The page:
Section III-7

Ventilation Guidelines

Purpose:  To establish tactical and strategic guidelines to be executed during structure fires when fire attacks and ventilation are essential.

Scope:  Guidelines pertain to all Three Star Fire Department personnel during fire suppression operations. 

Policy:

Following saving lives, Three Star Fire Department and our mutual aid departments have three main functions:  the tasks of ventilation, entry, and search (or “VES”) of the fireground.  In the Three Star Fire Department, these functions and roles may be handled by any of the responding apparatus as determined by the Chief or other Incident Commander.  Guidelines for ventilation operations follow, while forcible entry and search guidelines are in Sections III-8 and III-9, respectively.

There are two primary purposes for ventilation:

  1. Venting for Life:  To facilitate entry when there is known or suspected life hazard.
  1. Venting for Fire:  To make it possible for the attack crew to enter the superheated environment and extinguish the fire.

Saving life is the primary mission of the Three Star Fire Department.  Any immediate, limited ventilation is justified if it facilitates an interior search for occupants.  Ventilation for search purposes, however, can intensify the fire and could endanger other occupants of the building.  Therefore, it is vital that hose line(s) with a minimum diameter of 1 ¾” is stretched into the fire building as soon as possible to aid in ventilation, search, rescue and fire suppression.  Ventilation may be defined as the removal of hazardous and/or toxic atmosphere from a structure that has been contaminated with smoke, gases, and heat, by providing both a controlled means of escape and the controlled replacement with fresh air for the purpose of making the atmosphere safe.  It permits the advancement of hose lines rapidly which results in effectively extinguishing the fire.

The ventilation requirements are to make a building livable and to prevent further spread of the fire.  If ventilation is not first instituted at the roof prior to entry at the lower level, a back draft could result and cause total involvement and loss of the structure.  Also, if ventilation is started before charged hose lines are ready to advance, the fire could spread rapidly throughout the building.  It must be understood that ventilation will probably increase the intensity of the fire and therefore must be carefully coordinated with hose line evolutions in order to avoid increasing the severity of the fire.  There are two types of ventilation:  natural and mechanical.  As in all ventilation evolutions, personnel should pull and/or push ceilings, and remove all obstructions in order to maximize the impact of ventilation.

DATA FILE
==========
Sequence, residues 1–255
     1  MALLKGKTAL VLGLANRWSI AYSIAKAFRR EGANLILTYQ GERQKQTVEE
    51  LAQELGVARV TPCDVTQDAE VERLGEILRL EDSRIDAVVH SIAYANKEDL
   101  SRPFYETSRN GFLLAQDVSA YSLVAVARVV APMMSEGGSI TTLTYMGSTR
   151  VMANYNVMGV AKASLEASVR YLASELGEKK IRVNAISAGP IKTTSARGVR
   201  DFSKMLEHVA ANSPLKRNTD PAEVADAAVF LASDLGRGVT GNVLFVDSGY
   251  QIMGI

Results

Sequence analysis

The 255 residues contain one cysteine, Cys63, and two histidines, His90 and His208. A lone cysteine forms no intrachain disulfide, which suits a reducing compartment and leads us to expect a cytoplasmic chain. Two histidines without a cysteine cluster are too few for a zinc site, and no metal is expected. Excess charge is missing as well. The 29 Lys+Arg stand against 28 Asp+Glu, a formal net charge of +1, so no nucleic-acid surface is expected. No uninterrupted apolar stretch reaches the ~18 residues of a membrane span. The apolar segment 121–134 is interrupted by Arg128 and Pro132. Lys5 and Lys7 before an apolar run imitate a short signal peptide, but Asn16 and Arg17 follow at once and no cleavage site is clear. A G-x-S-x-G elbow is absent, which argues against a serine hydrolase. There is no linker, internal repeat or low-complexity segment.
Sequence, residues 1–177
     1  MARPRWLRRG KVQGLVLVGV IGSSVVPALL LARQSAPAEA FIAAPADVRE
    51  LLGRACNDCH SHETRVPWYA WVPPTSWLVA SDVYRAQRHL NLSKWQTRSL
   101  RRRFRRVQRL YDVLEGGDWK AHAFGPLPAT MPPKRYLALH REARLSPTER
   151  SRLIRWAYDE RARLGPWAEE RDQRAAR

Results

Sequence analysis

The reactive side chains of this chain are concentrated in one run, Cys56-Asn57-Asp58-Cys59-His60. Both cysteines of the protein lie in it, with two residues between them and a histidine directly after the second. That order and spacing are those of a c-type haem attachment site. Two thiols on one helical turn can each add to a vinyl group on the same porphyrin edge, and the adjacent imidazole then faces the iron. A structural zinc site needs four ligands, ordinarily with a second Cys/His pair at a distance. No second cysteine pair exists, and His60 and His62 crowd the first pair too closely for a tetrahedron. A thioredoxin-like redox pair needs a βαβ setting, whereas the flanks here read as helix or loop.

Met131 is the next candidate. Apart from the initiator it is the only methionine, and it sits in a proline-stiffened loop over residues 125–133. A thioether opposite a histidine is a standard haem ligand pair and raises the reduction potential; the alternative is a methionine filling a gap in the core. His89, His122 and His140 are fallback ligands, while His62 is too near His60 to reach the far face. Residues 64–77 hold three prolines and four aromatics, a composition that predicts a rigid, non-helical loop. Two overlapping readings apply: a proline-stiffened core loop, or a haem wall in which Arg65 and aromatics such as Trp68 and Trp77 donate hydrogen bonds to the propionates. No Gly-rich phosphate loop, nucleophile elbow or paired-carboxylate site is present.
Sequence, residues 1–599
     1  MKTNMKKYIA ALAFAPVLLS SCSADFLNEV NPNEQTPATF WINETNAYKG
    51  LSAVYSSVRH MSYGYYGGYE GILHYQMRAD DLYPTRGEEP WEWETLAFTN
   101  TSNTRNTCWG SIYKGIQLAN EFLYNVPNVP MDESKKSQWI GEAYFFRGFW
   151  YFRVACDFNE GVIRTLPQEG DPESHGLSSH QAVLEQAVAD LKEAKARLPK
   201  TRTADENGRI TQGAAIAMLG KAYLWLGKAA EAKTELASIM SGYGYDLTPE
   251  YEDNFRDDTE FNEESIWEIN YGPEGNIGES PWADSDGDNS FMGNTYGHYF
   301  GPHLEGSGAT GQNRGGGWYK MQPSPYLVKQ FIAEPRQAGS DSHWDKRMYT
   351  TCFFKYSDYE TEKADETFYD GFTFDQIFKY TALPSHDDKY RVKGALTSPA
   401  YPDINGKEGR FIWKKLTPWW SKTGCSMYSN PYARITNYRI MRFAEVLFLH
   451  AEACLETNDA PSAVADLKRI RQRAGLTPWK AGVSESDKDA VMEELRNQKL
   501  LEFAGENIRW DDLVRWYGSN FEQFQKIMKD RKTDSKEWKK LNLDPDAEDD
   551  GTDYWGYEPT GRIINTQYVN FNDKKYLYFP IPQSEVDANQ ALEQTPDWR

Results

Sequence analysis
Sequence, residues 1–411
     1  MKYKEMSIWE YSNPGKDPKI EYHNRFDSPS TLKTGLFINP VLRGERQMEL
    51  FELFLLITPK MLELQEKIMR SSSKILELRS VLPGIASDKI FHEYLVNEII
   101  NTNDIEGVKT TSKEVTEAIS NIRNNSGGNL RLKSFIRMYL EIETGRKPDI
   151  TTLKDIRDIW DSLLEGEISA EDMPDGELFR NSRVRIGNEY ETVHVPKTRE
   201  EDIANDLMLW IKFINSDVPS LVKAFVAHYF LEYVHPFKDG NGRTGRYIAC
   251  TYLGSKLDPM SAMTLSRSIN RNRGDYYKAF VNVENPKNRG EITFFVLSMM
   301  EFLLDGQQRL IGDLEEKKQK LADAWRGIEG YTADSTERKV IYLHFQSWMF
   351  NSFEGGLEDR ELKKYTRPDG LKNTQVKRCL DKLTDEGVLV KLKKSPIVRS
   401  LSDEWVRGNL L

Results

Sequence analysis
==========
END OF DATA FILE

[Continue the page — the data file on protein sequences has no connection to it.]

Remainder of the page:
Ventilation will be covered extensively within the Departments training program.

The following principals of ventilation are integral to successful fire control operations:

Vertical ventilation 

This is the proven and accepted type of ventilation to be used in the initial stage of operations.  It should be performed for the following reasons:

1.  Relieves the upper portions of the building of heat, smoke, and gases.  Prevents mushrooming and minimizes early fire extension.  At the same time, it increases the survival time of unconscious or trapped victim(s).

2.  Permits more thorough search and examination above the fire.

3.   Relieves hallways and stairs of heat and smoke facilitating the escape of occupants while allowing an aggressive interior fire attack.

4.   Creates a vertical draft that channels the products of combustion, limiting horizontal spread and making control easier.

5.   Permits advancement above the original fire area to search for possible victim(s) and cut off fire extension.

Lateral (Horizontal) ventilation

1.  Permits rapid advance of hose line(s) to the immediate fire area.

2.  Reduces the danger of heat and/or flames from passing over or around the shield created from a fog pattern, since smoke and the heat are permitted to escape through these controlled openings, i.e.  windows, exterior door, etc.

3.  Make thorough search guidelines easier on upper floors as well as on the fire floor.

4.  Personnel should be aware of the effects of thermopane windows, which are commonly used today.  These windows seal the building more efficiently therefore personnel must be made aware of the increase possibilities of flashover and backdraft.  Also venting these windows with a hose stream is much more difficult.

When personnel engage in ventilation evolutions, they will do so in a manner as described above.  All personnel will also carry out their assignments with due care and diligence and will utilize forcible entry tools, i.e. axes, pike poles, crow bars, saws, halligan tools, etc..  Personnel will carry out their assignments in pairs of two and will follow orders of the Officer as to the location and type of ventilation to be conducted.  Personnel should be aware of ventilating for fire or for life.  These concepts can be explained to you by your company officers.

Under no circumstances will “freelancing” be allowed in any Three Star Fire Department operation.  All fireground operations will be conducted in accordance with the Incident Command System and the Three Star Fire Department chain of command.  Firefighters will only ventilate under the direct order of an officer.  Extreme heat and smoke conditions can develop in the fire area and the floor above the fire.  The potential for flashover and backdraft is real.  Uncontrolled horizontal ventilation can seriously jeopardize the safety of other firefighters and civilians still located in the structure.